- Marathon – Stop at the Keys Fisheries Market and Marina for a legendary lobster Reubensandwich. Seven Mile Bridge – This bridge, south of Marathon, is the longest bridge in the chain. On the Marathon end of the bridge is a nice eatery called the 7-Mile Grill.
- Big Pine Key – Swing by the No Name Pub on Big Pine Key for pizza and a cold one if it’s hot. An overnight option here is the Sugarloaf Lodge, a 31-room resort that has its own airstrip. Around here be on the lookout for Key Deer, the smallest species of American Deer. Bucks only weigh an average of 50 – 75 pounds.
- Key West – my favorite place to stay here is the Southwinds Motel on Simonton Street. A small place with a lot of character. I have smoked more than one cigar out on the covered porch in front of the rooms. And that cigar will be better if it comes after some great seafood at the Half Shell Restaurant. Duvall is the street where all the action seems to be and everyone congregates at Mallory Square each evening to watch the sun set.
The Keys were discovered in 1513 by adventurer Ponce de Leon and fellow Spanish explorer Antonio de Herrera who were in search of the elusive Fountain of Youth. They never found the Fountain but they did find the Florida Keys.
The Keys remained remote and inaccessible until well into the 20th Century, but that only added to the intrigue and fascinating tales of pirates, buried treasures and shipwrecks that litter their history.
The islands have seen the comings and goings of the ship salvaging, cigar making, sponging and shrimping industries. It has also seen the coming and going of a star-studded list of writers, artists, and statesmen – from Hemingway and President Truman to Tennessee Williams and John James Audubon. Their residences have since been turned into museums.
Key West, also known as the Conch Republic, is home to some other peculiar creatures in addition to those eccentric humans. You literally cannot go anywhere in Key West without running into the wild chickens that are allowed to roam free all over the island.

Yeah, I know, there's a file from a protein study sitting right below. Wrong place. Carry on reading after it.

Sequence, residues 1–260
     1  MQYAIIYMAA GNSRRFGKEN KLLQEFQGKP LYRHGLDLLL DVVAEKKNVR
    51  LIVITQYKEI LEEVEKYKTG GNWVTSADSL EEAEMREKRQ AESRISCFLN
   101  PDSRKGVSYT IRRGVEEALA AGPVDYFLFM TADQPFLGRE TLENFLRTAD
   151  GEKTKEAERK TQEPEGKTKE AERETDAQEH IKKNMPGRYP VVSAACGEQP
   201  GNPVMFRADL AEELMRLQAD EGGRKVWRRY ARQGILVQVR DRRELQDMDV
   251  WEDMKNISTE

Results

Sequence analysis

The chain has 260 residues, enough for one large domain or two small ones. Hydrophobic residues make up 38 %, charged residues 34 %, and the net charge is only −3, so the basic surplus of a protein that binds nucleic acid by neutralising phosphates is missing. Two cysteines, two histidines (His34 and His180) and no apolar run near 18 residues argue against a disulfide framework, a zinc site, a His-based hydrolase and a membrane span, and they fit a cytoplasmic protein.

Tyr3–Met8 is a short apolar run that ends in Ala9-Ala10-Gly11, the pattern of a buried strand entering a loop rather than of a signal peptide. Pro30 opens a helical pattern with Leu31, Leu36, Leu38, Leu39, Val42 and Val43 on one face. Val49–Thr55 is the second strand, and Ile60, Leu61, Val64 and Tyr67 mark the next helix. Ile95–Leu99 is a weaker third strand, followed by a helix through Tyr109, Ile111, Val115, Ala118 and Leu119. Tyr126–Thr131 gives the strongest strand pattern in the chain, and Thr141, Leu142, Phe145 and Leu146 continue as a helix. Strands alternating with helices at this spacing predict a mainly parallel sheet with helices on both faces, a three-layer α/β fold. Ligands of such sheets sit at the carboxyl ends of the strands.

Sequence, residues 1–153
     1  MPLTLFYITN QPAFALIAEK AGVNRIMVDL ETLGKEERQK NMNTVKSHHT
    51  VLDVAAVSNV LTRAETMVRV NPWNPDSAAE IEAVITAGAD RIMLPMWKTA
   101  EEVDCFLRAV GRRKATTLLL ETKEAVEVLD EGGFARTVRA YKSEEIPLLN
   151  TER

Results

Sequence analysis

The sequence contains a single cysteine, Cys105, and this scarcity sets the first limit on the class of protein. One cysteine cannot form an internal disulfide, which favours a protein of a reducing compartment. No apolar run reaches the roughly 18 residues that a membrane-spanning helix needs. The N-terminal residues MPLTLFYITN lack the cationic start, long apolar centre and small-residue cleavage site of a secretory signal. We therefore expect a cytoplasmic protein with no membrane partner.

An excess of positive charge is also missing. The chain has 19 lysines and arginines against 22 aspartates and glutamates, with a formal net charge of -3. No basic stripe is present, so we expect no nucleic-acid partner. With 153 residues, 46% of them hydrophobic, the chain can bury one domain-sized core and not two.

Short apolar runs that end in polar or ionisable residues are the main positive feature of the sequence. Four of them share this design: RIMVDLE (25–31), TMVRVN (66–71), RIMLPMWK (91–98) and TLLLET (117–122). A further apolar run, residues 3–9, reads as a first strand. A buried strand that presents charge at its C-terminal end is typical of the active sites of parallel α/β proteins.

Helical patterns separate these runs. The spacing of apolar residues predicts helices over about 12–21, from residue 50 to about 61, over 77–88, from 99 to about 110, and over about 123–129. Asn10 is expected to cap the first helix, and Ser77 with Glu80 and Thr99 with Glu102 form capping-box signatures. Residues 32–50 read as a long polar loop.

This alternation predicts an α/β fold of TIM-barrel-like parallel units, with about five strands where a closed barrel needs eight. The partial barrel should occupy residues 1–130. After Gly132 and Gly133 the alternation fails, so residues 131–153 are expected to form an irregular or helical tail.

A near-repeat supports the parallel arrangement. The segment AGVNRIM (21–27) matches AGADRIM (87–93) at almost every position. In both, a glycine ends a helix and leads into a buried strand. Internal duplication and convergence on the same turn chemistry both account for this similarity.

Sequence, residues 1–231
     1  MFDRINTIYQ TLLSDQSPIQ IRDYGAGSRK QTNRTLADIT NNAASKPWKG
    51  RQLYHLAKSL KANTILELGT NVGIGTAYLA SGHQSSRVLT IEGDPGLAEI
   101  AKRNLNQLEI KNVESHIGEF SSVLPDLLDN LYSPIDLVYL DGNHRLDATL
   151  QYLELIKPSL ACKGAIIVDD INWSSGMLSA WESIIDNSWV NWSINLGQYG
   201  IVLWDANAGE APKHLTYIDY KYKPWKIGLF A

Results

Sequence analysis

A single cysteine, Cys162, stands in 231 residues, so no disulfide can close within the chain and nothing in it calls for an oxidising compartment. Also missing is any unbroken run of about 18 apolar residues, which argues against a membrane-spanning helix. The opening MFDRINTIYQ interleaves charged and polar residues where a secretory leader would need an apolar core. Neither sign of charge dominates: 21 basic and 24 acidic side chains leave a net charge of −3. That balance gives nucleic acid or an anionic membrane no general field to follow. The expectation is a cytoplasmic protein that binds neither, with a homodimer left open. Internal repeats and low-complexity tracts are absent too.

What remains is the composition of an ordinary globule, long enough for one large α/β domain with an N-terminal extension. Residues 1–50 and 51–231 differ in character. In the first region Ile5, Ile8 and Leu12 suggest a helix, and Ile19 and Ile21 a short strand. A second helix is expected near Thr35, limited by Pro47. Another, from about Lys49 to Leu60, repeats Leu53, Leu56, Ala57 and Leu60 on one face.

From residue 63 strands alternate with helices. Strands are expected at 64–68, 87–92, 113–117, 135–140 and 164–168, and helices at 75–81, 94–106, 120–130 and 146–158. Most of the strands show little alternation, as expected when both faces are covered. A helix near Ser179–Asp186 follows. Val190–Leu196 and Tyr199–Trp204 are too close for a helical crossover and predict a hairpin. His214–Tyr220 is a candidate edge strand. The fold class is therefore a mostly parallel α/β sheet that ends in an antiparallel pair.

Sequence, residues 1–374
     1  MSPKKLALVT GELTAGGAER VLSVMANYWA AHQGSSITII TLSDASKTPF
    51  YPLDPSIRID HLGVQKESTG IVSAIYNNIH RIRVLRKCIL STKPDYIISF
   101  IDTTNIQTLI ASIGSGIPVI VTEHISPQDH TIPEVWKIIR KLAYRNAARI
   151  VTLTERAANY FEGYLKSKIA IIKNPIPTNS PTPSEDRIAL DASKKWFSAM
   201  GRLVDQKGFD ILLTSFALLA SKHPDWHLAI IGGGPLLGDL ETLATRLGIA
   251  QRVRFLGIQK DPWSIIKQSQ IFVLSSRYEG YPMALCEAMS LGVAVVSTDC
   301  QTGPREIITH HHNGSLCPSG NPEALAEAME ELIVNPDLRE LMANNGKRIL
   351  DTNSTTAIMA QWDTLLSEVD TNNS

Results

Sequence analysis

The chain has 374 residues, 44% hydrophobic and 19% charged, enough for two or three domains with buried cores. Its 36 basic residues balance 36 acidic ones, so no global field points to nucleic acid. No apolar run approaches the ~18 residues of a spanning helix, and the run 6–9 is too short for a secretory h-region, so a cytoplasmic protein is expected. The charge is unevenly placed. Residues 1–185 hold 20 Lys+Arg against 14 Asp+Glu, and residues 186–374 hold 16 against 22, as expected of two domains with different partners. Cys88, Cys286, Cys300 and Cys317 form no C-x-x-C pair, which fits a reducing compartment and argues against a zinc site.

The other interesting creatures that call Key West home are found at Earnest Hemmingway’s home. There are about 60 six-toed cats roaming the grounds of the home that Hemmingway owned from 1931 until his death in 1961. The story is that the first six-toed cat, Snowball, was given to Hemmingway by a ship captain. Six-toed cats were considered to be a significant good luck charm by mariners. As the descendants of Snowball continued to inbreed, the six-toed trait was passed down and many of the 60 cats now there exhibit this trait. Earnest Hemmingway's presence is felt all over Key West and he is permanently ingrained in the history of this small island.
Be sure and try Conch Fritters and Key Lime pie while there. The end of a perfect day in Key West is having dinner at the Half Shell, watching the sunset at Mallory Square and then going back to the Southwinds Motel and smoking a cigar out in front of your room. You’ll be saying, “Ole Buck was right about this one, too!”
The next article in the series is coming soon to the BMWMCON web site.
#1 is the best road in my opinion so this is my list to this point:
#1 Beartooth Highway and the Chief Joseph Highway
#2 San Juan Skyway
#3 Pacific Coast Highway
#4 Going to the Sun Road
#5 Icefields Parkway
#6 Utah Highway 12
#7 Overseas Highway